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Control Unit
Extension Form Overview
Extension | Extn
Extension | Analog
Extension | VoIP
Extension | IP DECT
User Form Overview
User | User
User | Voicemail
User | DND| Short Codes
User | Source Numbers
User | Telephony
User | Forwarding
User | Dial In
User | Voice Recording
User | Coverage
User | Button Programming
User | Twinning | Menu Programming
User | T3 Options
User | Phone Manager Options
Hunt Group Overview
Hunt Group | Hunt Group
Hunt Group | Voicemail
Hunt Group | Fallback
Hunt Group | Queuing| Voice Recording
Short Code | Short Code
Service Settings Form Overview
Service | Service
Service | Bandwidth
Service | IP
Service | Autoconnect
Service | Quota
Service | PPP
Service | Fallback| Dial In
RAS Form Overview
RAS | PPP
Incoming Call Route Overview
Incoming Call Route | Standard
WAN Port Overview
WAN Port | Frame Relay
WAN Port | DLCIs
WAN Port | Advanced
Directory | Directory Entry
Time Profile Overview
Firewall Profile Form Overview
Firewall | Custom
IP Route Overview
IP Route | IP Route
RIP Dynamic Routing
Least Cost Routing Overview
Least Cost Routing | LCR| Main Route
Least Cost Routing | Alternate Route
Account Code Overview
Account Code | Voice Recording
License | License
Tunnel
Tunnel | Tunnel (L2TP)
Tunnel | L2TP (L2TP)
Tunnel | PPP (L2TP)
Tunnel | Main (IPSec)
Tunnel | IKE Policies (IPSec)
Tunnel | IPSec Policies (IPSec)
Logical LAN
Wireless Overview
Wireless | Security
User Restrictions Overview
User Rights Overview
User Rights | User
User Rights | Short Codes| Telephony
User Rights | Button/Menu Programming
User Rights | Phone Manager
User Rights | Twinning| Membership
Auto Attendant Overview
Auto Attendant | Auto Attendant
Auto Attendant | Actions
Overview of Authorization Code
E911 System Overview
E911 System | E911 System
E911 System | Zones
 
IP Office Manager Pt.1
IP Office Manager Pt.3
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Avaya IP Office

The Avaya IP Office platform is the ultimate in converged voice and data technology. IP Office brings a combination of voice and data applications formerly reserved for only the largest corporations. Cutting edge customer service with easy to use tools is now available to the smallest of businesses.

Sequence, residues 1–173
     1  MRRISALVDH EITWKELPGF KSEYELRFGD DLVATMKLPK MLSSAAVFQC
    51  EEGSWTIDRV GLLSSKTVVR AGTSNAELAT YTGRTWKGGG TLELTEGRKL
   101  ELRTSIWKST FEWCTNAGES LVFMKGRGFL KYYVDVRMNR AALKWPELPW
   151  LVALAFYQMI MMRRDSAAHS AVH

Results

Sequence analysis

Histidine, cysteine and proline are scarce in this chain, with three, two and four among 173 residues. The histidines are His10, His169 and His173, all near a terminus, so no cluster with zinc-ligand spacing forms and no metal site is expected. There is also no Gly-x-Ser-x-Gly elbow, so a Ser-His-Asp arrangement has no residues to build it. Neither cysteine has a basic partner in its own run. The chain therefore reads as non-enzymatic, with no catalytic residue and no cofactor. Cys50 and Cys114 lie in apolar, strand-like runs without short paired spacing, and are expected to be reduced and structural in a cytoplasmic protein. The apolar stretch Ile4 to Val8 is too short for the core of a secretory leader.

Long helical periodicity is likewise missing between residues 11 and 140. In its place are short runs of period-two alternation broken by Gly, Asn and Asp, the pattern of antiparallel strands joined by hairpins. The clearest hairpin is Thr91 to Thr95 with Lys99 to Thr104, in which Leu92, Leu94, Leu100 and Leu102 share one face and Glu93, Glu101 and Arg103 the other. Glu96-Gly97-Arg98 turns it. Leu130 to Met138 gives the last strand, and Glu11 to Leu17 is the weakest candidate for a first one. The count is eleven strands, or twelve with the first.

RIP Dynamic Routing

Routing Information Protocol (RIP) is a protocol which allows routers within a network to exchange routes of which they are aware approximately every 30 seconds. Through this process, each router becomes adds routes in the network to its routing table.

Each router to router link is called a 'hop' and routes of up to 15 hops are created in the routing tables. When more than one route to a destination exists, the route with the lowest metric (number of hops) is added to the routing table.

When an existing route becomes unavailable, after 5 minutes it is marked as requiring 'infinite' (16 hops). It is then advertised as such to other routers for the next few updates before being removed from the routing table. The IP Office also uses 'split horizon' and 'poison reverse'.

RIP is a simple method for automatic route sharing and updating within small homogeneous networks. It allows alternate routes to be advertised when an existing route fails. Within a large network the exchange of routing information every 30 seconds can create excessive traffic. In addition the routing table held by each IP Office is limited to 100 routes (including static and internal routes).

RIP is supported with IP Office system's from Level 2.0 upwards. The normal default is for RIP to be disabled. It can be enabled on LAN1, LAN2 and individual services.

 

  • Listen Only (Passive):
    The IP Office listens to RIP1 and RIP2 messages and uses these to update its routing table. However the IP Office does not respond.

  • RIP1:
    The IP Office listens to RIP1 and RIP2 messages. It advertises its own routes in a RIP1 sub-network broadcast.

  • RIP2 Broadcast (RIP1 Compatibility):
    The IP Office listens to RIP1 and RIP2 messages. It advertises its own routes in a RIP2 sub-network broadcast. This method is compatible with RIP1 routers.

  • RIP2 Multicast:
    The IP Office listens to RIP1 and RIP2 messages. It advertises its own routes to the RIP2 multicast address (249.0.0.0). This method is not compatible with RIP1 routers.

 

Broadcast and multicast routes (those with addresses such as 255.255.255.255 and 224.0.0.0) are not included in RIP broadcasts. Static routes (those in the IP Route table) take precedence over a RIP route when the two routes have the same metric.

 

 

 

 

 

 

 

 

 

 

 

 

 

 

 

 

 

 

 

 

 

 

 

 

 

 

 

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